Le Tour and More

By David Ward

I have just emerged from a Tour de France fog. Every July, I change my internet home page from velonews.com to avoid seeing who won that day’s stage, warn all to avoid spilling the news and come home in the evening just to stay up late watching that day’s contest. By the time I do that over three weeks, I am sleep-deprived, my head swimming with sprints, climbs and breakaways, and battling withdrawal. Yes, I am a Tour junkie.

With the Tour finish a week old, it is time to reflect on this year’s action. First, Team Sky was impressive. Despite Vincenzo Nibali’s repeated promises and, indeed, attempts, along with a few feeble efforts by Cadel Evans and Jurgen Van Den Broeck, to attack and break Team Sky’s stranglehold on all the favorites, this team methodically crushed all these efforts.

As impressive as Team Sky was, Bradley Wiggins was somewhat disappointing,. Disregarding some of the most unattractive sideburns I have seen, I kept waiting for him to stamp his authority on the Tour on at least one of the tough mountain stages. Those are the champions you really remember. It never happened. Rather, he was overshadowed by his own teammate, Chris Froome.

That being said, he had no match on the two time trials, not even close. It seemed even Wiggins himself recognized he needed an overwhelming performance to resurrect himself from a theretofore underwhelming performance, His fist pump at the end of the final time trial when he demolished all others said it all. Nevertheless, without his overpowering team, I don’t think Wiggins would have won.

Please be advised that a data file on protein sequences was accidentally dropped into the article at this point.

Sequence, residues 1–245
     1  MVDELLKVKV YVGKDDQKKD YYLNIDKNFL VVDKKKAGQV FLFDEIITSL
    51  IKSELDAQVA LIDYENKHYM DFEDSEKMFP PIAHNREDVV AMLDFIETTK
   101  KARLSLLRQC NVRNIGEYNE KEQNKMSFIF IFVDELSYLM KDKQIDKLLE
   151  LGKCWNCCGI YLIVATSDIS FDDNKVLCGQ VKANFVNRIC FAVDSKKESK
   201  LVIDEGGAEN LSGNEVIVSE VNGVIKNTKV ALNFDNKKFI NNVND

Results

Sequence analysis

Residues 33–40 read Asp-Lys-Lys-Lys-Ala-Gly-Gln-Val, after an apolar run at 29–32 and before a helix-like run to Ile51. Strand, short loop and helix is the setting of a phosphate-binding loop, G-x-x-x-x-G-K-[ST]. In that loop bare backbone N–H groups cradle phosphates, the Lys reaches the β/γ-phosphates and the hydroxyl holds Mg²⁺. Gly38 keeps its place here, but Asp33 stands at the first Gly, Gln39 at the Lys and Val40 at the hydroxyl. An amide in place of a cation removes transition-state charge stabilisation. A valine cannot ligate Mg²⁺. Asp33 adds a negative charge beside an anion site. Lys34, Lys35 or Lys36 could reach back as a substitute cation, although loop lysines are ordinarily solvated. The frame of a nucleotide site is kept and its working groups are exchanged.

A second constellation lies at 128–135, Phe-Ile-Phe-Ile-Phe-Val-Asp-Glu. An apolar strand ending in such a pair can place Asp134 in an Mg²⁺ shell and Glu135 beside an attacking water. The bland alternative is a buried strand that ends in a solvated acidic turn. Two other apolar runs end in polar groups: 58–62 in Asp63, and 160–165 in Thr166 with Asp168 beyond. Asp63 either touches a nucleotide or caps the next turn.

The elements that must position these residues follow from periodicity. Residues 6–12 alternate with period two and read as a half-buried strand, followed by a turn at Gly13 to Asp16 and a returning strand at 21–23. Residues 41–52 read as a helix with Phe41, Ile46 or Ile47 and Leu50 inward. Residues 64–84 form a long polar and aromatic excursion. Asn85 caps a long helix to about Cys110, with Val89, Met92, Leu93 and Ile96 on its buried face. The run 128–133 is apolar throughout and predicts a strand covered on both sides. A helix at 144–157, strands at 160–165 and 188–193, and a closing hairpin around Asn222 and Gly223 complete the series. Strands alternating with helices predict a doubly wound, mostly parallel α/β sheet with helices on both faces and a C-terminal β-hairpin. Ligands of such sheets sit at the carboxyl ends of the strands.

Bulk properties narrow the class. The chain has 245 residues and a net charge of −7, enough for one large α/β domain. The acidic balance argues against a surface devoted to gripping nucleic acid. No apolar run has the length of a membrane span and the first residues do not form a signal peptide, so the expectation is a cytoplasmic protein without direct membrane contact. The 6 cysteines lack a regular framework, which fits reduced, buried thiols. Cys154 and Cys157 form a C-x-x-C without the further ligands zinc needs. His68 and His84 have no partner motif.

Meanwhile, the fan favorite, Cadel Evans was never a factor. It seemed evident right from the prologue that he was not on his best form. I kept hoping he would race into good form before reaching the mountains, but instead he just got shelled off the back.

This Tour’s revelation, sort of, was Peter Sagan. While he had already made quite a splash, and shown himself impressive at the Amgen Tour, he had not yet really made a name for himself in the major European races.. He certainly wasted no time rectifying that by winning the first stage, and following that up with victories on stages 3 and 6. Along the way, he crushed the competition for the green sprint jersey. On top of that, he was enjoyable and quite likable.

For us Americans, Montana native T. J. Van Garderen did us proud. He raced away with the white jersey for the best young (age 23 or under) rider and eventually replaced Evans as BMC’s team leader. It is nice to have a new American hope.

In truth, the most compelling jersey competition was the polka dot mountain jersey. The impetuous and beloved French rider, Thomas Voeckler, took this jersey with an impressive tour de force on the penultimate mountain stage and secured it on the final mountain stage. His facial expressions while attacking are comic and, by themselves, worth an award.

One of the greatest things about the Tour is that, even if the overall winners of the yellow and other jerseys are often determined well before the final stage, each individual stage, though influenced by the tussles for the overall jerseys, is a separate race and exciting to watch. It is three weeks of the finest bicycle racing one can watch, with each stage providing its own intrigue and exciting finish. Watching FDJ directeur sportif Marc Madiot encourage, cajole, and cheer Thibeau Pinot as he won stage 8 is one my enduring memories from this Tour.